Little India is like a little piece of India, but without the litter and young men asking for a selfie with tourists. There are SIM card shops, smart phone cover sellers, saris and spices, vegetable stalls and huge temples with gods on the tiered facade in glorious technicolour.
In Arab quarter there’s the impressive golden-domed Sultan Mosque, and we sat admiring it at a table in Arab Street to eat felafel, hummus, pittas and salad.
Singapore has a richness of diversity, with its people prolonging their unique traditions, urban fabric and cultures making it a very attractive tourist haunt.
The perfumer of Arab Street
Arab Street has a few perfumers on it too, carrying on the rich and age-old tradition between Arabs and perfumes, ever since Jesus was given frankincense as a baby gift.
Sarah was still on the lookout for a special perfume, a bespoke one, and at these specialist perfumers they are able to find that right scent, just for you.
Sifr Aromatics has shelves and shelves of perfumes with an old, familiar feel to it; a little library on perfumes; an old piano; a desk full of equipment like pipettes, funnels and dipsticks; beautiful vials of pink and green blown-glass carefully positioned on mahogany shelves ready to be filled with your favoured potion (or ready to be paid for in case of breakage).
Perfumers live in a world of sensory enhancements, where dreams and feelings are coaxed from scents. They distil the elixir for people to escape in to other realms, of feeing another way, by concocting gloriously pleasant scents. They are, to coin a triple hyphenated profession, nasal-happiness-mongers.
The perfumer, a young lady in her early 30s, started asking Sarah what her favourite colour was. What was her job? What types of smells she liked. Sarah wanted some jasmine in the scent but was uncertain about what the second scent should be.
Concocting a scent of jasmine and grey amber
There were so many other scents to choose from, green notes (fresh to balsamic), fruity fresh and floral fresh, whose descriptions give us lay-people at least an idea of the scent.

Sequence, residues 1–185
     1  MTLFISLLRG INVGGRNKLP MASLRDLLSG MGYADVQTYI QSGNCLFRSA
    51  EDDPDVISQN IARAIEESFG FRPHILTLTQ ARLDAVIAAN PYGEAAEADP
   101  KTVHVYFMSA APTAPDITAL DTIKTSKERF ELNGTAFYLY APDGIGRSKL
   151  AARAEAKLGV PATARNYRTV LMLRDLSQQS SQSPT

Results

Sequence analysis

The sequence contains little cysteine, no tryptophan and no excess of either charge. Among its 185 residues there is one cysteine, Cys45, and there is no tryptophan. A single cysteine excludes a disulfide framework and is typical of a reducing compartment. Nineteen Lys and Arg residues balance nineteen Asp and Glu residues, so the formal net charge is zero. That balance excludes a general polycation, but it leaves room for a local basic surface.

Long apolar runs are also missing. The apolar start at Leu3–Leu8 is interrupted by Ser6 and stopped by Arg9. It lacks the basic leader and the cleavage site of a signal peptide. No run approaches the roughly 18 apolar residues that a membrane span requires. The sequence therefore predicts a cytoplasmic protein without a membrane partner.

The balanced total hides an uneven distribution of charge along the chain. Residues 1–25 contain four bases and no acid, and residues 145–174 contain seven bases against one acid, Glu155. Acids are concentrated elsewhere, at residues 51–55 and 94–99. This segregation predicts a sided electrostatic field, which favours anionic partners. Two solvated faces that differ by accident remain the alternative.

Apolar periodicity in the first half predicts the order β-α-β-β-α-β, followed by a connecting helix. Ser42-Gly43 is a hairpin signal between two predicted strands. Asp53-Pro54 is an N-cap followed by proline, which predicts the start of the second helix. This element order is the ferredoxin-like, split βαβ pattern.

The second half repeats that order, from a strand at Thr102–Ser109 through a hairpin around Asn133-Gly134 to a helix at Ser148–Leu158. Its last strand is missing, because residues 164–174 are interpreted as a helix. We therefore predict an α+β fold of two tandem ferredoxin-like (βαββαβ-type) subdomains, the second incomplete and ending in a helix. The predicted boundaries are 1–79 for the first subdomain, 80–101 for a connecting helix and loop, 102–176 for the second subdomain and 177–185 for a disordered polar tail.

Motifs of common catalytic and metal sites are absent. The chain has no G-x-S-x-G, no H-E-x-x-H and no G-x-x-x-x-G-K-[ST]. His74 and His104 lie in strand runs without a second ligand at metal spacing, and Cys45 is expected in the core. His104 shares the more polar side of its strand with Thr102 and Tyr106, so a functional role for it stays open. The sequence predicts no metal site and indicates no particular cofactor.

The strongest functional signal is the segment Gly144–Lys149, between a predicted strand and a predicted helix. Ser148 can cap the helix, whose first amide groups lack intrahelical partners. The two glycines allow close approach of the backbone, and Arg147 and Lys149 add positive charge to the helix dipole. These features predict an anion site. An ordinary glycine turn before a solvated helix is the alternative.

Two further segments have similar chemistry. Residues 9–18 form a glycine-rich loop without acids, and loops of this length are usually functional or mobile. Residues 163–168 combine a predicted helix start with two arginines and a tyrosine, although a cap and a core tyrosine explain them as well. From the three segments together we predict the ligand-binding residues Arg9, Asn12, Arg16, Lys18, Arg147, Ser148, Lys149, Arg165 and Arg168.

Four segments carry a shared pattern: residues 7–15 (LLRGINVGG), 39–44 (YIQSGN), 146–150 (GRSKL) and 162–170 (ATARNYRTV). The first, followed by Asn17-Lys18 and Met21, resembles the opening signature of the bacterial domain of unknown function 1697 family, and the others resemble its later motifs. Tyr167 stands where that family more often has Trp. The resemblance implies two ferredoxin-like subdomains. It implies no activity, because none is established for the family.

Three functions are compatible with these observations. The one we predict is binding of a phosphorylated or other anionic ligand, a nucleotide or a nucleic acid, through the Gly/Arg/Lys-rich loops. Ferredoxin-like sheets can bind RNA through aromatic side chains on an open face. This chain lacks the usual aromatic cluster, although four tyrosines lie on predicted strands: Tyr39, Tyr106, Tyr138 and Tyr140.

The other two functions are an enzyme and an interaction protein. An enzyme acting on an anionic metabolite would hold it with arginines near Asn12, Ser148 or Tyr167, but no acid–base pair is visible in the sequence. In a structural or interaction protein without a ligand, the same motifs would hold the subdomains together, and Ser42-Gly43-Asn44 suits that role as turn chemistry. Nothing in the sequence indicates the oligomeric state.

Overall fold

But perfumers can get super-technical such as describing scents as ‘aldehydic – woody- powdery’; they have a genealogy of perfumes like Darwin’s tree. I started to realise how scientific perfumers were, working at the cusp of human feelings, emotions, elation, joy, poignancy, melancholia, reminiscences and the science of nasal stimulation.
Made in Whales
Sarah discovered a subtle perfume she had smelled called grey amber, and it smelt just right for pairing with the stronger tones of jasmine, giving the perfume a flowery scent, with a hint of light and subtle freshness. I would liken it to the smell of a waterfall on a hot day.
The perfumer poured the jasmine and the grey amber perfumes in to a glass vial and asked, “Do you know how they make grey amber?”
“Tree sap?” I guessed.
“Nothing to do with that type of amber. Grey amber, it comes from the sperm whale.”
“Oh no. What have we just sponsored,” Sarah and I both thought.
“The sperm whale,” she continued, still pouring and not spilling a drop, “sometimes eats things it cannot digest, such as the beaks of squids. These eventually come out of its mouth as a small rock-like object that floats around the ocean.”
Eventually some of the grey amber manages to drift to land (it’s still quite rare), usually around Pacific-rim countries like China, Malaysia, Indonesia and New Zealand and can at first smell quite awful.
This is to be expected; smelling awful is generally considered a universal quality of all known vomit types; there is an alternative theory that the grey amber comes out of the other end of the whale’s digestive tract. I didn’t tell my wife this. Sometimes it’s better to know less.
But as it ages, the humble grey amber which looks like a malformed piece of large pumice, starts to give off a beautiful aroma. It is the ugly duckling story for a rock and the aroma is the emerging swan, elegant, sophisticated and beautifully poised.
In the past, before people knew about grey amber, whole fishing villages suddenly become fragrant and no one knew why.
Sarah was very pleased with her purchase, poured with exacting standards in to two glass vials which she tucked away in a box and wrapped with clothes in the centre of her backpack.
Hopefully they’ll be intact when we get back to London in three weeks, or she’ll be a very fragrant backpacker these next few weeks.
This post is part of the series called ’90 Days in South East Asia’ about our travels in India, Thailand, Laos, Vietnam, Myanmar, Singapore, Indonesia and Malaysia in March to June 2019, and was written on-the-road mainly on buses and in airport lounges.
All the links to blog posts in the series are as follows: